And to butt in on your question for Nate:

    1) what is the connection betwen Christ and David and why is David seen as the ideal representation of the king in which Christ is to follow?

    2) Why does the NT itself use the image of the soldier to represent the Christian life?

    This does suggest as I have pointed out, there is something indeed noble in the soldier.

    As you know, the Catholic approach to scripture is to resist using proof-texts simply to justify what we are doing in the present. Interpretations that “go against the grain” tend to teach us more about what is going on in a particular passage.

    1) Christ follows David in that he is the fulfillment of Israel’s messianic hopes. If Christ were truly to follow David according to his manner of kingship, then Jesus did a terrible job. Christ fulfilled the messianic hope of Israel but also showed that messiahship was about much more than what they expected, and in some ways much different. This is a very basic point.

    2) The soldier images in the New Testament are, of course, speaking about a different type of “battle,” as Nate pointed out. Most of those passages in fact show the contradiction between earthly, literal war and the “battle” that is Christian life and salvation history. Most NT scholars will also tell you that these images — much like the Christological titles of “Lord,” Prince of Peace,” etc. — are meant to be subversive and precisely to criticize the empire, its warmaking, and its view of itself as ultimate. I think you are aware of this because if you were to encounter a Christian who today believed that we needed to have a literal war against Islam “because the NT talks about war,” you would undoubtedly make the same argument that I have made — that something else is going on in these texts rather than a simple expression of the “nobility” of the Christian soldier.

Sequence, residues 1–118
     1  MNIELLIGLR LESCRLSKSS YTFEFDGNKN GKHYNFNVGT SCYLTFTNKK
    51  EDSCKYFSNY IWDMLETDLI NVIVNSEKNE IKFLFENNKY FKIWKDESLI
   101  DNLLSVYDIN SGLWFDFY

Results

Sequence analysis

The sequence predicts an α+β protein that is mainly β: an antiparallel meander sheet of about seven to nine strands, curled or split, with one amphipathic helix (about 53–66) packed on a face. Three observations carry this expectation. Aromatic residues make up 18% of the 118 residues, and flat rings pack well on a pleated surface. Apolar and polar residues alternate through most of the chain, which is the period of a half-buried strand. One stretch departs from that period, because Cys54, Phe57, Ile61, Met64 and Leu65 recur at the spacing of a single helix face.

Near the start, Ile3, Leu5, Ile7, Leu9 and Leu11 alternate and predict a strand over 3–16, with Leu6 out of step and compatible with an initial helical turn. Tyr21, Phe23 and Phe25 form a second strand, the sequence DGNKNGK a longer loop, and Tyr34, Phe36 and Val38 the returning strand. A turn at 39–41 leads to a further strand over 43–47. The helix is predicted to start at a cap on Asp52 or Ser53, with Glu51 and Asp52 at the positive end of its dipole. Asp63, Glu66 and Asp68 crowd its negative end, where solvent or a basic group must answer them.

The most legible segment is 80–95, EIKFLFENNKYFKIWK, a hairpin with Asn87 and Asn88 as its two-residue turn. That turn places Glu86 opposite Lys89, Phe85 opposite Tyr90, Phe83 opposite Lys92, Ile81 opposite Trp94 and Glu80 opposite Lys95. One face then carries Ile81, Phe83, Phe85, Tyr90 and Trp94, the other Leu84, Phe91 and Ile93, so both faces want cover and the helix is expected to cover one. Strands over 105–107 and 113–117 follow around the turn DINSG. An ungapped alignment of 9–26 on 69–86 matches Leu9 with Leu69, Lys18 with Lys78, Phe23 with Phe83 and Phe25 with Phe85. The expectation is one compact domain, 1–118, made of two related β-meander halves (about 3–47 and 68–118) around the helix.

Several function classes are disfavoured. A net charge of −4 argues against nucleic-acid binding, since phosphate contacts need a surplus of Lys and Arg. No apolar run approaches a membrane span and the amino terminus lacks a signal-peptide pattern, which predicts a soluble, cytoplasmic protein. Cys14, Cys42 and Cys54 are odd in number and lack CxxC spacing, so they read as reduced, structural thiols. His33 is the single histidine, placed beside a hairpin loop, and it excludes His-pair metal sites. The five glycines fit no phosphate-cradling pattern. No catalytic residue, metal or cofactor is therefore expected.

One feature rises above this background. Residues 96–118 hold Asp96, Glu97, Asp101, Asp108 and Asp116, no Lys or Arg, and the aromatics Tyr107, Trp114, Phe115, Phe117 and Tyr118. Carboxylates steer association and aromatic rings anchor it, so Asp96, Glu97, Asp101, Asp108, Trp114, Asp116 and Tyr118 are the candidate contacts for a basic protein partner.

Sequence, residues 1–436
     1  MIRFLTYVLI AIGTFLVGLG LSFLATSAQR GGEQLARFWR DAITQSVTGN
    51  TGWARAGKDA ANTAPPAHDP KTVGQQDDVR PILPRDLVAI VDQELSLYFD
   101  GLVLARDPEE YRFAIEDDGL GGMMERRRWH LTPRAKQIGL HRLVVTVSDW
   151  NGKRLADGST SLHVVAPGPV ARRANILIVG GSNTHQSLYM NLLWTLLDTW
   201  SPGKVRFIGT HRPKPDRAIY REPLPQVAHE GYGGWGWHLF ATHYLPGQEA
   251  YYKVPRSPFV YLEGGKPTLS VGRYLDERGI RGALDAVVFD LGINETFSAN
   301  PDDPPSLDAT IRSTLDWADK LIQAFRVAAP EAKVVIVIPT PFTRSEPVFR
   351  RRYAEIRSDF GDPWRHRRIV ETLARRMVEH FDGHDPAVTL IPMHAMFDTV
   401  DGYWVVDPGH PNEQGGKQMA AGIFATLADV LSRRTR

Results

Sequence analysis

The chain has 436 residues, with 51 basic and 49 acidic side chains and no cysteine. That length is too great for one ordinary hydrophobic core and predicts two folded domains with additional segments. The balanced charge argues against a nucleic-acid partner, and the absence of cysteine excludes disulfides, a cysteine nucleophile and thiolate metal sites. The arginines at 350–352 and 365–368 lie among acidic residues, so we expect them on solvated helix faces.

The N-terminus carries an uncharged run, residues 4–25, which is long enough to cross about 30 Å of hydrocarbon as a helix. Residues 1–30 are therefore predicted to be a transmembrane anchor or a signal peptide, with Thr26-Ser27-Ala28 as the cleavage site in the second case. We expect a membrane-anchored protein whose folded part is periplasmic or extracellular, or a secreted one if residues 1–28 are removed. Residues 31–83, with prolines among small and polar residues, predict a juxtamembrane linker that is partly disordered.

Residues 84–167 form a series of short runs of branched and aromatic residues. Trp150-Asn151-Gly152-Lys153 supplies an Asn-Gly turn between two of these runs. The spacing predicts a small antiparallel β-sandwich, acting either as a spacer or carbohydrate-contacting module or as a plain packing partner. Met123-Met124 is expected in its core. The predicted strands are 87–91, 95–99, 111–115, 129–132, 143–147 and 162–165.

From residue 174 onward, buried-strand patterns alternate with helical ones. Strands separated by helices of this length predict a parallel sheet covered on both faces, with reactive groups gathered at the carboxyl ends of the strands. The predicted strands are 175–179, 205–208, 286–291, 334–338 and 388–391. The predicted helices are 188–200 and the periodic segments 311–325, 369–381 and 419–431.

21. November 14, 2007 7:20 am

    First, to Henry and all commentors thanks again for what is very challenging post and thread. A couple more small points:

    Re: Henry: If we would deny the dualism which makes monsters out of enemies and dehumanizes them, why should we accept such dualism when it makes monsters out of soldiers and dehumanizes them? That’s the problem. While I agree the first is in error, the second is just as much in error, and indeed, a problem which people like Thich Nhat Hanh saw within the so-called peace movement in the US, demonstrating that the movement was not about peace and engaged in self-contradictory rhetoric suggesting other concerns were behind the movement (fear, hate, etc)..